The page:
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Postby Ann Harding » March 10th, 2008, 10:40 am

I am also a fan of Jean Arthur, as you have probably guessed by now! :D
Funnily enough, she made her first pictures during the silent era. I have somewhere a vintage mag where she is modelling a little hat. If I can find the picture I'll scan it for you. When she tested for sound, she was appalled. She thought she sounded like a foghorn!!!! :lol: It's quite funny as her throaty voice is one of her most endearing features.
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The Devil and Miss Jones is not yet available on DVD alas. But, it was released on VHS in the US.
Easy Leaving is coming out on DVD in April. 8)
One of her films which I have never seen and would like very much to see is The Whole Town's Talking (1935) a John Ford with E.G. Robinson. :)

All her Capra films and Stevens are super! :D

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Postby moira finnie » March 10th, 2008, 10:47 am

Honestly, I can never make up my mind about whether or not I truly enjoy Jean Arthur.

I like some of her movies, especially Diamond Jim, You Can't Take It With You, History Is Made At Night and Only Angels Have Wings, but the appeal of these films is primarily for the storytelling skill and the ensemble of actors around her rather than the hardworking actress herself. Though I want to enjoy her films, my visceral reaction to her is a nagging feeling "if only she could relax a bit", but I'll keep trying to enjoy her.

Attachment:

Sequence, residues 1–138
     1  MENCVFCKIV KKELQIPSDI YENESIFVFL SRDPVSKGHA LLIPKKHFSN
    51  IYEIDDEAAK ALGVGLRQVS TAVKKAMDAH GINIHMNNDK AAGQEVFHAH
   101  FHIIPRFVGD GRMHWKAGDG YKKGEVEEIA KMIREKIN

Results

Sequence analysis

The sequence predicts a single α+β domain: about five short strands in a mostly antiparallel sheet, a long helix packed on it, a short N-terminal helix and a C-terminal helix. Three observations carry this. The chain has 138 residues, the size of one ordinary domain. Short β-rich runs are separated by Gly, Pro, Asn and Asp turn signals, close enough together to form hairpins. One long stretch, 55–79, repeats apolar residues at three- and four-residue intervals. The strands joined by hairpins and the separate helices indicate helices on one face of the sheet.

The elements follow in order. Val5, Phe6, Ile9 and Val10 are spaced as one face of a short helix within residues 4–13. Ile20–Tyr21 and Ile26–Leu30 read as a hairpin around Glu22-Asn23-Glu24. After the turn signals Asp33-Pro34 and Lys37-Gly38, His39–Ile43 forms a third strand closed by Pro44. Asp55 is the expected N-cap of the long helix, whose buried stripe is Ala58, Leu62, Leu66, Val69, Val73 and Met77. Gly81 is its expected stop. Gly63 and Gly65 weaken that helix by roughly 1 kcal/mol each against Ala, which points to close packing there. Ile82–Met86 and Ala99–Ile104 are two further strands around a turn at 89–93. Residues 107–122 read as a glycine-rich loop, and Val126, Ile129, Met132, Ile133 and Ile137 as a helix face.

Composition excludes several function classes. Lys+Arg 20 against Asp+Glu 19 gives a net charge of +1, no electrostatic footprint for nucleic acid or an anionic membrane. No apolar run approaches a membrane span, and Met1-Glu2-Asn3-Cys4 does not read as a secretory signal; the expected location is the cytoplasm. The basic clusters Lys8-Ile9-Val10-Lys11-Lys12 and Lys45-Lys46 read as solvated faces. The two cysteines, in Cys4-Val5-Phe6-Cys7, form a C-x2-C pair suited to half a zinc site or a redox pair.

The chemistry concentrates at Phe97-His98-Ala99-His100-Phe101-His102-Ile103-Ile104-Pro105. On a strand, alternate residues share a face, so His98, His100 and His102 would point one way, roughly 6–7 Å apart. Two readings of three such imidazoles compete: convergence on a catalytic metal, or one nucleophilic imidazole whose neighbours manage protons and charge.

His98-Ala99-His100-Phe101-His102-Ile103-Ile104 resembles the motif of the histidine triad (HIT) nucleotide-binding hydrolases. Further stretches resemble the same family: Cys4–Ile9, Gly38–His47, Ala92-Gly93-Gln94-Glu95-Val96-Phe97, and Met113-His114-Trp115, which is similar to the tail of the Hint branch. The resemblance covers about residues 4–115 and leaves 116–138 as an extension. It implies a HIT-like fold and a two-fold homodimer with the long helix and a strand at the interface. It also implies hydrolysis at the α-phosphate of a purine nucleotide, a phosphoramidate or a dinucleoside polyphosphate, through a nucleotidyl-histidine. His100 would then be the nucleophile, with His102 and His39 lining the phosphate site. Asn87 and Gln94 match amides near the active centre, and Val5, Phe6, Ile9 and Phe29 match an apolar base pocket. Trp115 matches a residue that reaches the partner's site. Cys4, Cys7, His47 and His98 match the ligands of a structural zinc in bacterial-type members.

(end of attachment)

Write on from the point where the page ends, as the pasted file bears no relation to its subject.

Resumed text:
I've seen many more of her movies than those listed here as well. I revisit some of them periodically, hoping that my reaction to her will be a bit more positive, and I'll appreciate her more. Does anyone else find themselves feeling this way?
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Postby knitwit45 » March 10th, 2008, 11:11 am

Didn't she suffer excruciating stage fright? I thought I read somewhere that it took every ounce of determination and will power she had, to step in front of the cameras. Am I wrong on this?

Nancy[/b]

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Postby moira finnie » March 10th, 2008, 11:20 am